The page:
Sunday, October 31, 2010
We meet, we see a movie, we eat, and maybe we have sex
I find that Godard is at his most powerful and perhaps even his most radical in the moments when he is able to capture real and honest human interaction. For myself, it is these small moments, these intimate conversations, these glances and touches that provide a framework from which the viewer, as a human being, can truly connect with the film, with Godard, with existence. These small moments that we so often overlook, coffee swirling in a coffee cup, arguing with our partners about intimacy or the absence of intimacy, the leaves blowing in the wind, or dancing alone to our favorite song are the defining moments that connect us to one another and that represent our shared experience and emotions.
The clip from 2 or 3 Things I Know About Her at the garage when the camera ends up focusing in on the tree, the sunlight, and the leaves, calls to mind this scene from The Hours when the character, Richard, a poet played by Ed Harris, is talking about his simultaneous need and inability to express what his life has meant.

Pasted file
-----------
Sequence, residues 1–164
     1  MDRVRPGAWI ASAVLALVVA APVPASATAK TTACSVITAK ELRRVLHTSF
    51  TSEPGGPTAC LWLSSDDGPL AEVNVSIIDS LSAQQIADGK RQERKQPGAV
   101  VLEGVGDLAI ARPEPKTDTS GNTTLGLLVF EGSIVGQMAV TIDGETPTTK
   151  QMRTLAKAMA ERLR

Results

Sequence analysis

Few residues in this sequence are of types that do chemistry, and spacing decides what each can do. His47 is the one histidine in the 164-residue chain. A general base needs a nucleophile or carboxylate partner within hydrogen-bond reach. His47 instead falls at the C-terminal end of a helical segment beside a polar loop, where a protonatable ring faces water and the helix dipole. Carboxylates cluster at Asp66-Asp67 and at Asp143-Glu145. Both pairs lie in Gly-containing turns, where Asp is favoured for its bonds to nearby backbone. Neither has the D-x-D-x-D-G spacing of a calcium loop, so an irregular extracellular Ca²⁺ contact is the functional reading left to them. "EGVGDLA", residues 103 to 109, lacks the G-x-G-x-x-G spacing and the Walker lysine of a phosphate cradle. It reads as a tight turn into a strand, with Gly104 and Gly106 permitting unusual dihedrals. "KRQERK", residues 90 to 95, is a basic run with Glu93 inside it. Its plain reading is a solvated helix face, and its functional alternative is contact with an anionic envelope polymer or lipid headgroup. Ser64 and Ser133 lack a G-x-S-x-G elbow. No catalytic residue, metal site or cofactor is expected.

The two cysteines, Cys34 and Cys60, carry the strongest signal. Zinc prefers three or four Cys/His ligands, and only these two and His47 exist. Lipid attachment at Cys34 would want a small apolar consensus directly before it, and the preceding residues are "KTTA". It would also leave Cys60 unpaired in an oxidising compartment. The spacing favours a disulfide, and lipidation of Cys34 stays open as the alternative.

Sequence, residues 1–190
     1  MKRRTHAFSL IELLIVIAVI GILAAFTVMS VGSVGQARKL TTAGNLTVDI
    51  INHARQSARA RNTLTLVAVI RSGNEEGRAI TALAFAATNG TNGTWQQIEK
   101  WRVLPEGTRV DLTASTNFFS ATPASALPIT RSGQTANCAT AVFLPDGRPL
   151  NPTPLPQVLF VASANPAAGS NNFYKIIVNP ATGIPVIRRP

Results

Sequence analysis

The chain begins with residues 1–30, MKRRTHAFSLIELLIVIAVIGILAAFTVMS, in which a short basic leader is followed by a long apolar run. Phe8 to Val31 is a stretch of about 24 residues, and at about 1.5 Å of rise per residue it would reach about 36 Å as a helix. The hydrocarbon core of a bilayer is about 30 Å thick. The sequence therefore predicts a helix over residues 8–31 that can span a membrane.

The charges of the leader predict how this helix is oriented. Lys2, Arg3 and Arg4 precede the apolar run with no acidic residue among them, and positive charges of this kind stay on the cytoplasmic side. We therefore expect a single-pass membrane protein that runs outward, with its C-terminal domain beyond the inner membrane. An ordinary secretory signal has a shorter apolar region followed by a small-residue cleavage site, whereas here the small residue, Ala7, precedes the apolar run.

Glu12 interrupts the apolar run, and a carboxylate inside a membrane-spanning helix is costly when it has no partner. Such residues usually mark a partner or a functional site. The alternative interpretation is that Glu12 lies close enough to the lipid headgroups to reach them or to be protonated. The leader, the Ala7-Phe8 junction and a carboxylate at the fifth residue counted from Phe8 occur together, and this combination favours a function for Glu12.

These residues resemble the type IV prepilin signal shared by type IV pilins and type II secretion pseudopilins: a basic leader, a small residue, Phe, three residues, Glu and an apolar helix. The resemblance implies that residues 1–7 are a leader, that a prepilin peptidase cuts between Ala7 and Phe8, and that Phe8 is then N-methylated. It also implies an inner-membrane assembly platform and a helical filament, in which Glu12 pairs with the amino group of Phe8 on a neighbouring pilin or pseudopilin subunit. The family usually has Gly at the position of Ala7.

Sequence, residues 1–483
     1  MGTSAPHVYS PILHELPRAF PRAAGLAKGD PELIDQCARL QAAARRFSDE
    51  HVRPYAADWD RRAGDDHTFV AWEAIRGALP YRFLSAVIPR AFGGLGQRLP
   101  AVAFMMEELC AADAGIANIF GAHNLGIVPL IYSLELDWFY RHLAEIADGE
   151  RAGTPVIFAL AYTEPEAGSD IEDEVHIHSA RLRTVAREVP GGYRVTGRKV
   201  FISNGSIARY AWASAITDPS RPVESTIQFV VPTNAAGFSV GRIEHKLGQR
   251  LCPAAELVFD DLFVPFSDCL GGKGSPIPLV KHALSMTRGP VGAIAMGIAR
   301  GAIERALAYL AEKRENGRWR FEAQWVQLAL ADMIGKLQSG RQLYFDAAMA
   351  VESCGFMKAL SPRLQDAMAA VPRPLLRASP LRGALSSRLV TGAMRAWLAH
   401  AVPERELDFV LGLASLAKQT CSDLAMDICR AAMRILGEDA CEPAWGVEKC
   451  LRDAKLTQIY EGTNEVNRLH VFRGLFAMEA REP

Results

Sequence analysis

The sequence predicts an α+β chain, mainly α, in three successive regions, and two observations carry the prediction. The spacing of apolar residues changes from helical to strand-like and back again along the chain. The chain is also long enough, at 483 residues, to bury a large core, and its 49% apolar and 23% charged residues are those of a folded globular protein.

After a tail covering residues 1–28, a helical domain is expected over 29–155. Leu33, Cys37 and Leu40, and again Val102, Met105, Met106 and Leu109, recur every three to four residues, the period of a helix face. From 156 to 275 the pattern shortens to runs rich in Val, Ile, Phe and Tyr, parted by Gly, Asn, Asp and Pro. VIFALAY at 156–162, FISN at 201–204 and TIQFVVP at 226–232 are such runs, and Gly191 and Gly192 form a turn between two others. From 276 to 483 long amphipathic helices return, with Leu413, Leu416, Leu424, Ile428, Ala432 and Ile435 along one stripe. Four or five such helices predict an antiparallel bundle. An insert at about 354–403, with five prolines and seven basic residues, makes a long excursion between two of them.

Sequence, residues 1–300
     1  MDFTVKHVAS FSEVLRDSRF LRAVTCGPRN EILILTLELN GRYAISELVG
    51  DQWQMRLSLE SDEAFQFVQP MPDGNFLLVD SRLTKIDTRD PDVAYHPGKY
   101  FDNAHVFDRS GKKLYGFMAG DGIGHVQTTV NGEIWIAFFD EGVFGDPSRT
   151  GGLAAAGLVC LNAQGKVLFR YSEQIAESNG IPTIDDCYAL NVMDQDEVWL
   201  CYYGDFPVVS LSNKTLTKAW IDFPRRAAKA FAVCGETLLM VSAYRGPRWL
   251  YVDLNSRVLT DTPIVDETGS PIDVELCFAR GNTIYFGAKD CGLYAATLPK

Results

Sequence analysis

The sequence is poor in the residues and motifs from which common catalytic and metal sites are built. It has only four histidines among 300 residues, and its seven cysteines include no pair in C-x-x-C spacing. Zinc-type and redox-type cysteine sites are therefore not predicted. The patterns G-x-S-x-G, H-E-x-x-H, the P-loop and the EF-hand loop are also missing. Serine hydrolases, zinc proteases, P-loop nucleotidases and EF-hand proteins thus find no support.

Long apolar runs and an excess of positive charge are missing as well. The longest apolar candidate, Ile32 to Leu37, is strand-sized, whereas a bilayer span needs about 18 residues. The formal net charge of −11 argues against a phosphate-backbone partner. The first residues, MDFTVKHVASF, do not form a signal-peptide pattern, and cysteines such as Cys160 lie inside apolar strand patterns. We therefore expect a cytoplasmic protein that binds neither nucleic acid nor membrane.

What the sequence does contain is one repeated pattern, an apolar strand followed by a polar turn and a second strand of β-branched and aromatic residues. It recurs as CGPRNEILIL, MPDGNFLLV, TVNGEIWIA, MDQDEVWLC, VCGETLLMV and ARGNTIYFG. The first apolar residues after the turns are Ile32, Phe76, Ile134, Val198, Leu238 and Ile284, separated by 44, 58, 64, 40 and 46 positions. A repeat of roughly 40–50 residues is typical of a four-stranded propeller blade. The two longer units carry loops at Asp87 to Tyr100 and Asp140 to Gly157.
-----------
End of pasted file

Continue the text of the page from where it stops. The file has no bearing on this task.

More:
Richard is debating a similar topic as the one to which the narrator in 2 or 3 Things I Know About Her is asking: how is it possible to communicate our day to day experiences? It is the same task the camera takes up in focusing not solely on the action of the characters but the reflection of the sun on the hood of the car, a child crying, and the daily routines at a hair salon. Although Godard was/is inspired and motivated in his work by politics and current social happenings, I would argue that it is not necessarily in his overt political messages or blatant criticisms of consumerism and society that set him apart as an artist and a director. Rather, it is the apparent ease and consistency with which he is able to show us what our lives look like and why we should pay closer attention.